We request funds to launch a project known as the "community sediment model (CSM)". Ideas behind the CSM concept were first discussed by participants of an international workshop in May of 1996 (Numerical Experiments in Stratigraphy, University of Kansas). The formal CSM idea took shape at a panel convened by the Geology/Paleontology Program of NSF in March 1999. That panel identified a Community Sedimentary Model as a high priority NSF research initiative in sedimentary geology. Since then the concept has been widely discussed in the North American sediment-dynamics community, most notably at the Source to Sink Workshops where it was concluded that a community modeling effort was essential to MARGINS objectives. The goal of CSM is to develop a suite of models for the main process sets that shape the Earths surface and create its stratigraphic record. The goal of the proposed meeting is to produce a working strategy to accomplish this. The strategic plan will be coordinated with three related projects: the NSF MARGINS Source to Sink program, the proposed ONR-EU EuroSTRATAFORM program, and the pending NSF ITR project in sediment dynamics. The meeting will comprise some 40 international leaders in morphodynamic modeling. We set an ambitious agenda for ourselves, focusing on the following tasks: (1) determine the time scales on which the CSM models will operate, and how models aimed at different time scales will be coupled; (2) map the environments and associated process sets for each time scale, and evaluate the state of knowledge for each of these; (3) decide on protocols for program architecture, languages, data structures, interfaces, and standards for process subroutines and modules; and (4) decide on the best strategy for making CSM results and computational methods available for education.
The scope of the CSM project is also ambitious. We envision a modular model architecture of easily exchangeable process-components. The process modules will be three-dimensional, with allowance for simplification to two dimensions when appropriate. They will couple suites of processes and environments to represent dispersal systems holistically. They will span time scales ranging from individual events (seconds to years) through geologic time (i.e., the life span of an orogen or sedimentary basin, tens to hundreds of millions of years). Appropriately assembled, the modules will be able to address both basic and applied problems such as risks associated with landslides and storm- and flood-related sedimentation (on the short-term end) and controls on geometry of commercial water and hydrocarbon reservoirs (on the long-term end). Nothing approaching the CSM project in scope or level of cross-disciplinary integration has ever been attempted in the sediment-dynamics community, so we will invite representatives of the climatemodeling and ocean-modeling communities, to provide logistical guidance, with there considerable experience in developing integrated models.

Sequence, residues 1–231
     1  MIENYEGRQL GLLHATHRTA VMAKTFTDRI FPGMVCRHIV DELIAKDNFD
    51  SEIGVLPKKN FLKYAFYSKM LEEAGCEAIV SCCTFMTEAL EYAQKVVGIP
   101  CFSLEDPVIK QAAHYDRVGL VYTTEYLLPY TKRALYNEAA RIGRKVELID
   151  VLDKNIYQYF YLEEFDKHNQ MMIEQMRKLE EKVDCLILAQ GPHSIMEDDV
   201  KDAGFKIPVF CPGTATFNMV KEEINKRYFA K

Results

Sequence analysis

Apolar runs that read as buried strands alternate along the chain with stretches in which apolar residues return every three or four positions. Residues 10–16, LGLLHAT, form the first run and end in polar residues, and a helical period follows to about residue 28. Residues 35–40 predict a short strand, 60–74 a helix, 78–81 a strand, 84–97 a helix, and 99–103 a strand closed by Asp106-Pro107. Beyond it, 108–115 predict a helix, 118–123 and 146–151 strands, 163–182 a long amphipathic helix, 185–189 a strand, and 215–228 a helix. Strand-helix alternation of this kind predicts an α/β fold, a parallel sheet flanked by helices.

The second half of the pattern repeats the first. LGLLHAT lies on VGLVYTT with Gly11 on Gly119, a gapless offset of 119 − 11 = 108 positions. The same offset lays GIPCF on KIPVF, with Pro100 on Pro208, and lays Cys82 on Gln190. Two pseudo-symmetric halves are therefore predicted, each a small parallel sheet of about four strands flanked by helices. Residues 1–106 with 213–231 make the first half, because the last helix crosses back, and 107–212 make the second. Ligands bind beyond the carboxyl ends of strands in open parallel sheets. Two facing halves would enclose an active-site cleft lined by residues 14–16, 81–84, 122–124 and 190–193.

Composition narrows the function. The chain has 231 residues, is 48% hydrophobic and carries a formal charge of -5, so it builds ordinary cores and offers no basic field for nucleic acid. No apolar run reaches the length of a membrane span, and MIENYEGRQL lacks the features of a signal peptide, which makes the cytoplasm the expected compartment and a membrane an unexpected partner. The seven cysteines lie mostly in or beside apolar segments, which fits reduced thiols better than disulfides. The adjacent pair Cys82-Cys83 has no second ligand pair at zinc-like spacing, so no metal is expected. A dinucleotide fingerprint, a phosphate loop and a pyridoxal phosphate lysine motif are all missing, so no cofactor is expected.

The meeting will last for four days and be held in Boulder, Colorado in either late August or early September. The precise time will be decided, and the meeting advertised, within a month of the project being funded by NSF. A committee consisting of the three PIs of this proposal will organize the meeting. In many respects, we will follow the very successful format of the NSF MARGINS meetings. We will invite participants to contribute their thoughts on key issues before the meeting. We will select about 10 invited speakers to address specific critical issues in developing the CSM during the first two days. We will appoint teams to work up short "white papers" on key subtopics during the second two days. Our goal will be to have a science plan addressing the four basic issues listed above by the end of 2001.
MARGINS is an NSF funded program
The MARGINS Office is Hosted by Columbia University
Last updated Friday, July 27, 2007